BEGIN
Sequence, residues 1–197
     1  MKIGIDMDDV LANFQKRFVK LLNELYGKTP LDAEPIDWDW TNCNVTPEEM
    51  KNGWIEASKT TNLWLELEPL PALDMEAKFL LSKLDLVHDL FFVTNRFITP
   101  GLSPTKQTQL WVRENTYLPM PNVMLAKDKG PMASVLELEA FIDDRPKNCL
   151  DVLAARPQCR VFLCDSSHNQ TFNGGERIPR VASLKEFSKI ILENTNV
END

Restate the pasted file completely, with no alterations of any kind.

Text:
Sequence, residues 1–197
     1  MKIGIDMDDV LANFQKRFVK LLNELYGKTP LDAEPIDWDW TNCNVTPEEM
    51  KNGWIEASKT TNLWLELEPL PALDMEAKFL LSKLDLVHDL FFVTNRFITP
   101  GLSPTKQTQL WVRENTYLPM PNVMLAKDKG PMASVLELEA FIDDRPKNCL
   151  DVLAARPQCR VFLCDSSHNQ TFNGGERIPR VASLKEFSKI ILENTNV